Kamandag exercises begin in the Philippines with a focus on land-based weapons

Filipino Marines watch their U.S. counterparts lead a marksmanship mission at Colonel Ernesto Ravina Air Base, Philippines, during Exercise Kamandag in 2019 (Donald Holbert / US Marine Corps)

The use of weapons on land will feature prominently in an annual exercise involving U.S., Filipino and Japanese troops that began in the Philippines this week, according to U.S. officials.

Kamandag’s debut – short for “Kaagapay Ng Mga Mandirigma Ng Dagat” or “Sea Warriors Cooperation” – was announced by the United States Embassy in Manila in a Facebook post on Thursday.

The exercise, which began in 2017 as a replacement for the full-scale amphibious landing exercise PHIBLEX, was canceled last year due to the coronavirus pandemic.

This year’s scaled-down event “will focus on the use of weapons on land, counterterrorism strategies, internal security operations, and humanitarian aid and disaster relief efforts.” , the embassy said in its message.

About 2,400 soldiers – 1,400 Americans, 900 Filipinos and 100 Japanese – participated in exercises last year.

Major General Ariel Caculitan, commander of the Philippine Marine Corps, said 242 Philippine Marines will participate in this month’s eight-day exercise along with 12 U.S. Marines and 25 Japanese soldiers, the Manila Bulletin reported on Wednesday.

“We have to be able to outsmart our enemies in the same way that we can maneuver this virus and can still continue to train, because we have a very big responsibility in terms of the defense and security of our people,” Caculitan said. said during the Kamandag opening ceremony at Fort Bonifacio in the town of Taguig, the newspaper reported.

A dozen Marines from Okinawa-based 3rd Marine Division are on Luzon Island to train with Filipino personnel primarily focused on coastal defense and counter-landing operations, Major Kurt Stahl said Thursday. , spokesperson for the division.

The training involving around 400 Marines that was scheduled for the Philippines has moved to Camp Fuji on the Japanese mainland and Okinawa due to the coronavirus pandemic, Stahl said.

“This training focused on moving to key sea terrain, establishing coastal defenses and practicing counter-landing operations,” he said.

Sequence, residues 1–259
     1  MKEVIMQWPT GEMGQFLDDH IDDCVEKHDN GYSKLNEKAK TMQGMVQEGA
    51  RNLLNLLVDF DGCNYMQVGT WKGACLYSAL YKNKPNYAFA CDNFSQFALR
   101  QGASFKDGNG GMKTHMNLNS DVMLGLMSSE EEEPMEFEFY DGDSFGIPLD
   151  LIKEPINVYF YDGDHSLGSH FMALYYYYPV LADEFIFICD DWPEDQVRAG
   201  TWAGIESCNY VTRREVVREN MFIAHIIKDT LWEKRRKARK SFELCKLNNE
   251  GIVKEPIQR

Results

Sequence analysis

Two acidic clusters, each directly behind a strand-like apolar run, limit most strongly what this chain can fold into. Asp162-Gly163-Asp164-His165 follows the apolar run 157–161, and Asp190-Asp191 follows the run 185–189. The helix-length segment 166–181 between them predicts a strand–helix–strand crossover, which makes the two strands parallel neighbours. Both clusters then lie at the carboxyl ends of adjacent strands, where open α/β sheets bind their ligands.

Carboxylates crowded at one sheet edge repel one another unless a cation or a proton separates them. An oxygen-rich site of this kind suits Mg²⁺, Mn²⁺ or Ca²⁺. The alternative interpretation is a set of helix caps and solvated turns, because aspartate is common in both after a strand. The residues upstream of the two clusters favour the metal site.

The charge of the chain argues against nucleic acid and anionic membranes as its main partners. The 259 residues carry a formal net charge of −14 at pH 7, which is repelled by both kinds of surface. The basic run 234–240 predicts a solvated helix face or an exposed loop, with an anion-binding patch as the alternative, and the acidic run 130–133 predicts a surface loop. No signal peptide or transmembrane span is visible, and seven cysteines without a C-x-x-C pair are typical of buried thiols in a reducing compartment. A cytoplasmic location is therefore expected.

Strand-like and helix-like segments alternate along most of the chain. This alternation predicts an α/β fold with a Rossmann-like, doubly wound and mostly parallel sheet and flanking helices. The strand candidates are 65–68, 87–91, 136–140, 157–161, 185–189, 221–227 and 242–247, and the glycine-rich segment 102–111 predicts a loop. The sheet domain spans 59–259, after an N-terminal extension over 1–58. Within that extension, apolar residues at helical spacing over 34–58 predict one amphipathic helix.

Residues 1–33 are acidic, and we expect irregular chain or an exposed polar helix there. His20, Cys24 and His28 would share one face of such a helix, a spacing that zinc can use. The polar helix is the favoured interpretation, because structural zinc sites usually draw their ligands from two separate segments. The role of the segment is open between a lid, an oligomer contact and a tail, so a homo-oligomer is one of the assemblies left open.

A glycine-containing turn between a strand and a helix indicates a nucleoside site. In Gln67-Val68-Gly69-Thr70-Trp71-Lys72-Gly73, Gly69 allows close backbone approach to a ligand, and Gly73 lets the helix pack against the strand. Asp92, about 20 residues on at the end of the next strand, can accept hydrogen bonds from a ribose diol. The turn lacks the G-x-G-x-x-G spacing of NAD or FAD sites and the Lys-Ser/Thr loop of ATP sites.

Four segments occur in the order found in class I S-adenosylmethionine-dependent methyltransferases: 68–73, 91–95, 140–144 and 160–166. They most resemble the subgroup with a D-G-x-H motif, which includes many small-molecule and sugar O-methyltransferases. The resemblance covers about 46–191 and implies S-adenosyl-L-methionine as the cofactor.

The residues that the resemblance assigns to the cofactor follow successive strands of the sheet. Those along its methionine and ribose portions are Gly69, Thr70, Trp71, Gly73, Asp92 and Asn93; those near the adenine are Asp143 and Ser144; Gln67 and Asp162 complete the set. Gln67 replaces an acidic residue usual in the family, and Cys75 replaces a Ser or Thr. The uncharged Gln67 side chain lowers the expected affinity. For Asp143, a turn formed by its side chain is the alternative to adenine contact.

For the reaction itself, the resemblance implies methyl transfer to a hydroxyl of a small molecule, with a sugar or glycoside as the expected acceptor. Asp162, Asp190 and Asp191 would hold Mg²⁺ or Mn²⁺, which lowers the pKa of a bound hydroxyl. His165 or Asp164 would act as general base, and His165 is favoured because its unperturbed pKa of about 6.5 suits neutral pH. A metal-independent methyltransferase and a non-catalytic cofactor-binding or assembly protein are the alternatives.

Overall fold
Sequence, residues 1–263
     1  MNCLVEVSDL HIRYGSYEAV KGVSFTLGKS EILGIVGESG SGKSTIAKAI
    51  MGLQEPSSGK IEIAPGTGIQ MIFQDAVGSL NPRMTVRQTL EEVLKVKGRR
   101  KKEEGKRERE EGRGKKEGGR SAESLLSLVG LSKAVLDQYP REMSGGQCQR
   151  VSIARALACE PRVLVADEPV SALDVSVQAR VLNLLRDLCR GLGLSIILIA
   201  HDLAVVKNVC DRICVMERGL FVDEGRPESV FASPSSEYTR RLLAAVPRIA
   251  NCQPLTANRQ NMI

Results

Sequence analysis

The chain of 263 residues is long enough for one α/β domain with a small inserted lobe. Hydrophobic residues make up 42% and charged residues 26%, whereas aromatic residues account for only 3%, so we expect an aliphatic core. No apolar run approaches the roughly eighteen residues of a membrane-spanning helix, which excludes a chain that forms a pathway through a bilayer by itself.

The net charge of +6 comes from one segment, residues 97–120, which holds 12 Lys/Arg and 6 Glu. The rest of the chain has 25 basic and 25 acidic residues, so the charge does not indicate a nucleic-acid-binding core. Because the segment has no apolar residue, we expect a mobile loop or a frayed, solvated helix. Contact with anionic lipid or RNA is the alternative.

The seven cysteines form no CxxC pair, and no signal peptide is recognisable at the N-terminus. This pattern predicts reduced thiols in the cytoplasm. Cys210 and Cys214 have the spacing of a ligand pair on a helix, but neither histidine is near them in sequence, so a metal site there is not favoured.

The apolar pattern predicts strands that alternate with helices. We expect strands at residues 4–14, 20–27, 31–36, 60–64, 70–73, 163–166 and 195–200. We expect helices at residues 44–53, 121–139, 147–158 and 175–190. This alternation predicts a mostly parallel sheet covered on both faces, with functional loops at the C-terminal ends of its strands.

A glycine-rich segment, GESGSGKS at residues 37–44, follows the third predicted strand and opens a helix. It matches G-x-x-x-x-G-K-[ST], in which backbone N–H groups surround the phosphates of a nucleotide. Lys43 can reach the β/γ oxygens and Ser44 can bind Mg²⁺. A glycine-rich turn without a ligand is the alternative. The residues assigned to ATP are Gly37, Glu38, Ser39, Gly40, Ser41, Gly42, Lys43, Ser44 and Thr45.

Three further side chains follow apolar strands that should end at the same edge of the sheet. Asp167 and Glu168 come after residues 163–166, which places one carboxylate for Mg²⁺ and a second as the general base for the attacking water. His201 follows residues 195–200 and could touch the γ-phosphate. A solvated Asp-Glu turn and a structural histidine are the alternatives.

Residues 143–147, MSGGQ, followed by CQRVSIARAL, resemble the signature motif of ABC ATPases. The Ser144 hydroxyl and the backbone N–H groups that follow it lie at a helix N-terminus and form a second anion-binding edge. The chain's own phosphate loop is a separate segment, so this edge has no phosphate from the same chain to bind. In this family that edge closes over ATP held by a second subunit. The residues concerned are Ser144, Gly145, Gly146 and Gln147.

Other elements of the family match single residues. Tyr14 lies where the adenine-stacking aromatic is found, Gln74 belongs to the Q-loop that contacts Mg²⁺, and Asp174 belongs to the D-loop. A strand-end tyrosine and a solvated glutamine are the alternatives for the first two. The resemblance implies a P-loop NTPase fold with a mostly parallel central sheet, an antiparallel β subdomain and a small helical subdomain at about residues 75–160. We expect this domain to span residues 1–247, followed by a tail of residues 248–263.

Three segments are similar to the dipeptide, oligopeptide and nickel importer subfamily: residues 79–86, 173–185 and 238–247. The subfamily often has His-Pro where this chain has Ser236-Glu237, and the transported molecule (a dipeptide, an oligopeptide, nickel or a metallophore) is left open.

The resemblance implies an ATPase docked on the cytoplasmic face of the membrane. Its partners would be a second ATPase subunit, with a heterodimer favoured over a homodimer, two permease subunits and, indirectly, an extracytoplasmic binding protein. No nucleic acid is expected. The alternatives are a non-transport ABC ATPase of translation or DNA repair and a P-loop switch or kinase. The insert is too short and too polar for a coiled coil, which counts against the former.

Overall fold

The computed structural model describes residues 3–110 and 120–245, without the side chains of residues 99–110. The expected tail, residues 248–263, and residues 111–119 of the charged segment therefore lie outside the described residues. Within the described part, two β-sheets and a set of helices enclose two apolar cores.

One land-based weapon the Philippines is considering purchasing is the BrahMos supersonic cruise missile, developed by Russia and India. The country could also acquire Boeing’s Harpoon anti-ship missile, according to Ian Chong, associate professor of political science at the National University of Singapore.

The BrahMos can be launched from air, land, sea and underwater and can carry conventional warheads weighing up to 660 pounds. It has a range of 180 miles and no known weapon system can intercept it, according to BrahMos Aerospace.

“The Harpoon, first deployed in 1977, is an all-weather, over-the-horizon anti-ship missile system,” Boeing says on its website. “It has a low altitude, sea level cruising path with active radar guidance.”

The Harpoon weighs over 1,000 pounds and can fly up to 77 miles, depending on its technical specifications.

Weapons on land can provide the Philippines with a means to defend its maritime territory despite the clear limitations of the Philippine Air Force, Chong said in an email Thursday.

“That said, the effective use of these systems, especially with regard to gray area activities, could involve a degree of escalation that the Philippine government and its partners and allies wish to avoid,” he said. declared.

Gray zone tactics are coercive activities that fall outside of war. China has used them against the Philippines in recent years. For example, it has illegally occupied territory claimed by the Philippines and sent a fleet of maritime militias to harass fishermen entering disputed waters.

The Marine Corps and the Japanese Land Self-Defense Force have both explored the use of ground troops to shoot ships offshore, Chong said.

U.S. Marines, armed with High Mobility Artillery Rocket Systems, or HIMARS, and M777 towed howitzers were in Australia this summer to hone their sea denial and sea control skills from small expeditionary bases.

Seth Robson



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